I recently took part in a concert showcasing compositions by students from my college's Contemporary Music Department. The concert itself was by all accounts a great success: packed audience, satisfied composers and a jolly time in the bar afterwards. What I would like to focus on, however, is the atmosphere in the Green Room.
It's a funny thing, performing new works. It's only when I do it, that I come to realise how I've come to rely on what I'll call (probably inappropriately) 'stylistic context'. What I mean by that is everything that tells us what the music on the page is supposed to sound like, but isn't actually in print. And rest assured, I'm not talking about in depth research, as that's something I just don't do, as it's just not a workable approach for me (for various reasons, not just laziness). It is amazing how much information we acquire through osmosis, though, simply from exposure to recordings, performances, conversations with colleagues, interesting facts imparted by conductors, or their personal theories forced on us in rehearsals. Thanks to that, I have an idea of what Mozart should sound like, what constitutes romantic music and what approach to use when singing in that style, etc.
When faced with a brand new piece freshly printed off by my dear composer friend, I have no idea what I'm aiming for. This time I was fortunate enough to have said friend on hand to help me learn his piece, and also to play in it. Even so, our work was focussed on 'what' to sing, rather than 'how' (and I don't mean technique). The lack of 'stylistic context' made me feel incredibly unsettled, to the point when even after singing the right notes, I would stop and apologise for making a mistake. And even though the composer obviously must have a vision of how his music is meant to sound, some of my actual mistakes went unchecked, even up to and including the performance (I'm sure I constantly sang an F# rather than F in the climactic phrase, which I only realised later, while the composer was fine with it all through rehearsals). Maybe my interpretation was just that convincing? (doubtful)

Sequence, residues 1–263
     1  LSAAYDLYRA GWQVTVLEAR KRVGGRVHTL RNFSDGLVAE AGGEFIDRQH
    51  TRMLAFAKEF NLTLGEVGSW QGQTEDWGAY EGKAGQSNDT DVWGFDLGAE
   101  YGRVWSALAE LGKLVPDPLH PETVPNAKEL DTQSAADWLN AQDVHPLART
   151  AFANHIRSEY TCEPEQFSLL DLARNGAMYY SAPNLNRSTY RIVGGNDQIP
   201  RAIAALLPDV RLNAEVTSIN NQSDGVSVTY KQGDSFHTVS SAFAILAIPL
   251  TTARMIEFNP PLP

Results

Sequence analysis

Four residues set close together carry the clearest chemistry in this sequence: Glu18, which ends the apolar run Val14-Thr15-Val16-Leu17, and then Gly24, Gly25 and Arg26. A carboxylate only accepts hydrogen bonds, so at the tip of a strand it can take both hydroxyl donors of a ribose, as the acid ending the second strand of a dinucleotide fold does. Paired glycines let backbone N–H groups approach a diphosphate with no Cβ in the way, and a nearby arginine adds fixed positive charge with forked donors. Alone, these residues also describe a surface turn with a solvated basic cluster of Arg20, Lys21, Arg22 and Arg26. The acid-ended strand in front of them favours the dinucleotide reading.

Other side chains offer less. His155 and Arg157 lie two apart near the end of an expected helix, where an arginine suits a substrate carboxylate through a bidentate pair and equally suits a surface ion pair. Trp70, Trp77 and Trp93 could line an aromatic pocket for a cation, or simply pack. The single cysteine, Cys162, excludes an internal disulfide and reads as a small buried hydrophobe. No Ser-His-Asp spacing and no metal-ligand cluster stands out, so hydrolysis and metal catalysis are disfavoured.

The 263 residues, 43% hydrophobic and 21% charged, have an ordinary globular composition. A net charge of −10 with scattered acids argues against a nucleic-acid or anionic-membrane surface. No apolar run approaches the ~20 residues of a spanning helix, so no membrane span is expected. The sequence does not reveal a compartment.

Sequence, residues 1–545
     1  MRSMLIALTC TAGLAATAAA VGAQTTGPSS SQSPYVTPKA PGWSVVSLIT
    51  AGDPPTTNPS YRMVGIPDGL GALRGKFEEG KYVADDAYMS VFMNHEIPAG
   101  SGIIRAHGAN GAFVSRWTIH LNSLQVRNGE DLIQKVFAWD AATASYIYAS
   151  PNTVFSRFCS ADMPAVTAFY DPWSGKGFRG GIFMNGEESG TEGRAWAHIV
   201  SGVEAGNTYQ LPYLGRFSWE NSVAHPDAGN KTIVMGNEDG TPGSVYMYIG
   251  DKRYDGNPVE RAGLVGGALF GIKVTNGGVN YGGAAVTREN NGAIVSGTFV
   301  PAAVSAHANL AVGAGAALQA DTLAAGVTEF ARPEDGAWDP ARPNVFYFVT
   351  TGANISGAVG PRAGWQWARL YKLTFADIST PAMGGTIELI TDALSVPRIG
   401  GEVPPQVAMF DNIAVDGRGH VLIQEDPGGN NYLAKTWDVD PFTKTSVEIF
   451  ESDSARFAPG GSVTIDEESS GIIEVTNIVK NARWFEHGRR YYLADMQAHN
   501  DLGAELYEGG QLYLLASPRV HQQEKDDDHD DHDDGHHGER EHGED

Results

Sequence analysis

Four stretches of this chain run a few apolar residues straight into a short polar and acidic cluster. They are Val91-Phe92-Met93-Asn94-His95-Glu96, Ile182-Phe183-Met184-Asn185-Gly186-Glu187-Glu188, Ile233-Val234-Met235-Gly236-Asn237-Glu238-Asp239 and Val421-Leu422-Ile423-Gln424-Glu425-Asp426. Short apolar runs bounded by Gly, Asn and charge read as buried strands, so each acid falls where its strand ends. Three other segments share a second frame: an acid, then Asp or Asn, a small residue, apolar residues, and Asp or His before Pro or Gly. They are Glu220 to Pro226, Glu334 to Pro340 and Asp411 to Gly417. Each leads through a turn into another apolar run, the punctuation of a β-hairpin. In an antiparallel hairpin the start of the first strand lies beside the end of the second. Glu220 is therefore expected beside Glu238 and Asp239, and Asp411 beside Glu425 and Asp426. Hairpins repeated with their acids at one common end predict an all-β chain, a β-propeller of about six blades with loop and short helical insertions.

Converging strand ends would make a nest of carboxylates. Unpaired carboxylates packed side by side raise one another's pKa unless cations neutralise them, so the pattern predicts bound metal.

How does this have anything to do with the Green Room? Well, I thought my unease in singing contemporary repertoire stemmed from me being A) not a very good sight-reader, B) used to learning things off copy over a longer period of rehearsing (I learnt said 6 minute piece in 2 days, which is pretty quickly by my standards), and C) not having much experience in performing new music. It turns out that it's more common than I thought, even amongst instrumentalists. All the acts returning to the Green Room had comments like 'we almost lost it' or 'I have no idea if that was right'. There were also a fair few stories about concerts and recordings of works whose composer later congratulated performers for conveying his thoughts perfectly... yet half the music did not match what was on the page. British über-politeness, or lack of 'stylistic context'?
I will admit that I find that unsettled feeling I mentioned rather thrilling. Yes, it's stressful, but also exciting! And in the end, if the composer misses mistakes, then the audience have no chance at all of hearing them. All you have to do is your best, and if anything goes wrong... it was deliberate!
I was once told by a conductor: 'it sounds great, and although it's actually wrong, it would only be a problem if the composer was conducting you'. He also happened to be the composer ;)